Prayer: Father, thank You for making leaves!  Thank You for making us!  Thank You for all good things!  In Jesus’ name, Amen  

Copyright by 2019 by Galen C. Dalrymple.  ><}}}”>

 

DayBreaks for 2/27/19 – The Great Value of Faith

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DayBreaks for 2/27/19: The Great Value of Faith

From the DayBreaks archive February 2009:

Yes, you know the verse about “Without faith it is impossible to please Him.”  So, faith is non-negotiable, if we are to please God.  But God, why?  Why does faith sometimes have to be so hard? 

In Daniel 10 is one of the most fascinating stories in Scripture.  Daniel was in prayer – and had been for some time – when Daniel becomes perplexed by why his prayer, offered in faith to the Living God, wasn’t answered already.  Since Daniel was a faithful servant of the Most High, the Lord sent an angel to Daniel to grant him a peek behind the curtain of the spiritual world.  For three weeks, in the unseen world that we can only “see” by faith, the angels says he tried to come and deliver the answer to Daniel’s prayer, but he was resisted by the “prince of the Persian kingdom.”  The angel by himself, so it reads, was not able to overcome that resistance, and had to wait for reinforcements from a heavenly power named Michael, the great archangel of God’s army. 

This passage has caused me endless trouble and distress.  Why, for example, did God wait 3 weeks to dispatch Michael to defeat the source of resistance?  Surely, God knew this was going on and would happen.  Why didn’t God just send Michael to start with?  And what does it mean that the first angel couldn’t overcome the resistance by himself?  Could the angel not have asked Got to remove it, or to give him/her the strength to defeat the resistance?  Such questions are not necessarily confidence builders for me.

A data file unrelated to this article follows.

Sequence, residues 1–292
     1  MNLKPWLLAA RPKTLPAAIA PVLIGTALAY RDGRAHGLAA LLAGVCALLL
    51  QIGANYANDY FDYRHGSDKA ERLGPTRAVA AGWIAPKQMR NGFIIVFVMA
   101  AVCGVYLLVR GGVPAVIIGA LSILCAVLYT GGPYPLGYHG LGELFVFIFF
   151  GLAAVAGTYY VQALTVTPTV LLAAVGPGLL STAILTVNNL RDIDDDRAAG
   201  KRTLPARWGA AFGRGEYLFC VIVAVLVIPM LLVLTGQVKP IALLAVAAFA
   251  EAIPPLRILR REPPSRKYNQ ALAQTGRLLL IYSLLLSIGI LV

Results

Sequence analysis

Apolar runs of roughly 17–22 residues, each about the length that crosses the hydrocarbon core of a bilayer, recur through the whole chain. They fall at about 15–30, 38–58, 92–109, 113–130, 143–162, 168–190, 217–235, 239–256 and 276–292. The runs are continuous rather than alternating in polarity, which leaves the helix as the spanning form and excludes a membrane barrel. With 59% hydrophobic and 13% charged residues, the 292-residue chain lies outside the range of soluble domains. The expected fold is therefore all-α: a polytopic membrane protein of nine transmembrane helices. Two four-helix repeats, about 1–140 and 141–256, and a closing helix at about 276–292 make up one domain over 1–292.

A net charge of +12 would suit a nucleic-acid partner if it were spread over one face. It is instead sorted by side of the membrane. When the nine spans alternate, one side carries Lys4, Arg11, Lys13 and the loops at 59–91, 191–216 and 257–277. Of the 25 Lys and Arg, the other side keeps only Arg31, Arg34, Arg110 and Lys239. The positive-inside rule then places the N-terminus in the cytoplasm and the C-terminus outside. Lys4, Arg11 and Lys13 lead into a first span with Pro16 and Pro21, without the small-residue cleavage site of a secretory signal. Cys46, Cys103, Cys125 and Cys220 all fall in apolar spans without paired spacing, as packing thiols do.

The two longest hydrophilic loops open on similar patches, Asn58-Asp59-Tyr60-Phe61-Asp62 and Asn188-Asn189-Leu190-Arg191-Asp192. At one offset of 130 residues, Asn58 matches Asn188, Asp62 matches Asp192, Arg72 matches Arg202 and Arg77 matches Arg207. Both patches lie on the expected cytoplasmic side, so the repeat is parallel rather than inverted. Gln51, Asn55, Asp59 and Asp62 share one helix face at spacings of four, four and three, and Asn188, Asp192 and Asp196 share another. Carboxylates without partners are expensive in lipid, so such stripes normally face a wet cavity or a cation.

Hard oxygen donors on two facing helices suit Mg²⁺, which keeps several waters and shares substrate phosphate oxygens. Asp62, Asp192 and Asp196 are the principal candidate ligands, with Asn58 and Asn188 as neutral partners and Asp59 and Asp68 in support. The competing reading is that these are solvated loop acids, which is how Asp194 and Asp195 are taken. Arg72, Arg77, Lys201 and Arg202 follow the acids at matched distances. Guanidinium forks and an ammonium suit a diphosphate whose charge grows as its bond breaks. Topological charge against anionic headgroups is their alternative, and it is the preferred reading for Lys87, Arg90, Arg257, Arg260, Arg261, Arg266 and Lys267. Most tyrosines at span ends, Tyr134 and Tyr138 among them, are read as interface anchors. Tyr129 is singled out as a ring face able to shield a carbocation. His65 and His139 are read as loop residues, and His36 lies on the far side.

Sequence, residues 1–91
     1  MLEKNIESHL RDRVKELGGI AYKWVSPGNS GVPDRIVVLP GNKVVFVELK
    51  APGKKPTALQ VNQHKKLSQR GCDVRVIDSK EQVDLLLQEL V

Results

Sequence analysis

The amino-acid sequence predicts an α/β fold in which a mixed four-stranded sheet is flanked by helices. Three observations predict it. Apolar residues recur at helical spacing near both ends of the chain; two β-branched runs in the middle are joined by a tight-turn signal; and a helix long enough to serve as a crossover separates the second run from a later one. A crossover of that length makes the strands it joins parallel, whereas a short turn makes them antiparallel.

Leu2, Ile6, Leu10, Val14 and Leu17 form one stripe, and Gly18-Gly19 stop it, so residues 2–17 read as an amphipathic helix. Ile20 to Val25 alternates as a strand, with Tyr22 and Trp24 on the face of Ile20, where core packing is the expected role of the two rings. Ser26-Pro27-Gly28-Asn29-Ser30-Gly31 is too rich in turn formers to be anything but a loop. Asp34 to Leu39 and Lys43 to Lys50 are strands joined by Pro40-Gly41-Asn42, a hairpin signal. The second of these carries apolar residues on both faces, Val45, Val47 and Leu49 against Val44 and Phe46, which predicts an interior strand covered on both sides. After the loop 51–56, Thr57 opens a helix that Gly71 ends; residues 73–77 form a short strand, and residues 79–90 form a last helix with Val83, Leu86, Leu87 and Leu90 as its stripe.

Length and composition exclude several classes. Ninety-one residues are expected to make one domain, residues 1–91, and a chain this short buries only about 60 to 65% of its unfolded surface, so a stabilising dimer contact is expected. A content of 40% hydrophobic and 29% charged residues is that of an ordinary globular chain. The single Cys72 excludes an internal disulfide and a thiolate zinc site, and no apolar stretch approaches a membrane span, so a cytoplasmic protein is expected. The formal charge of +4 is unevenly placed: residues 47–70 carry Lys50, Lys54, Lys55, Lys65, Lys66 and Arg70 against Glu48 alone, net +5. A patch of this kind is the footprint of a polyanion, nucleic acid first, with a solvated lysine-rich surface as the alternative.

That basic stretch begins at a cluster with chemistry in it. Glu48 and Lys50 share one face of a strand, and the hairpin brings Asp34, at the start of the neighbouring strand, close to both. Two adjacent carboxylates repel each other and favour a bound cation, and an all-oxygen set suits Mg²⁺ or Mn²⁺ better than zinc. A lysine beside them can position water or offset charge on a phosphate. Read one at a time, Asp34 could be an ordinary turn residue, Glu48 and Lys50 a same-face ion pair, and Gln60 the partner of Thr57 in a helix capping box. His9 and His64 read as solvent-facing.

Elsewhere, the Bible talks about prayer and uses the term “wrestle” to describe that activity.  It brings to mind, of course, the story of Jacob wrestling with the angel.  Perhaps prayer is much more like real, physical wrestling than we’ll ever know.  In our prayers, we are at war with principalities and powers that are in the unseen world.  Wrestling is hard work.  How much wrestling am I doing in my prayer life? 

Another thought: do angels have to learn faith and trust, too?  What was the lesson for the angel in all this, if any?  Is it possible that even angels are on a faith-journey, side by side with us, just unseen?

I don’t know, nor do I have to know.  But as Phillip Yancey put it, “I doubt Daniel ever prayed casually again.”  Nor should we!

Prayer: Father, may we be willing to engage the enemy in prayer, to call down Your power to bring victory, to release oppression and to pour forth holiness on this earth!  Give us the strength to fight for the souls of the lost, knowing that there are unseen enemies waging war with us.  Give us the wisdom to not fight in our own strength, but only in Yours!  In Jesus’ name, Amen.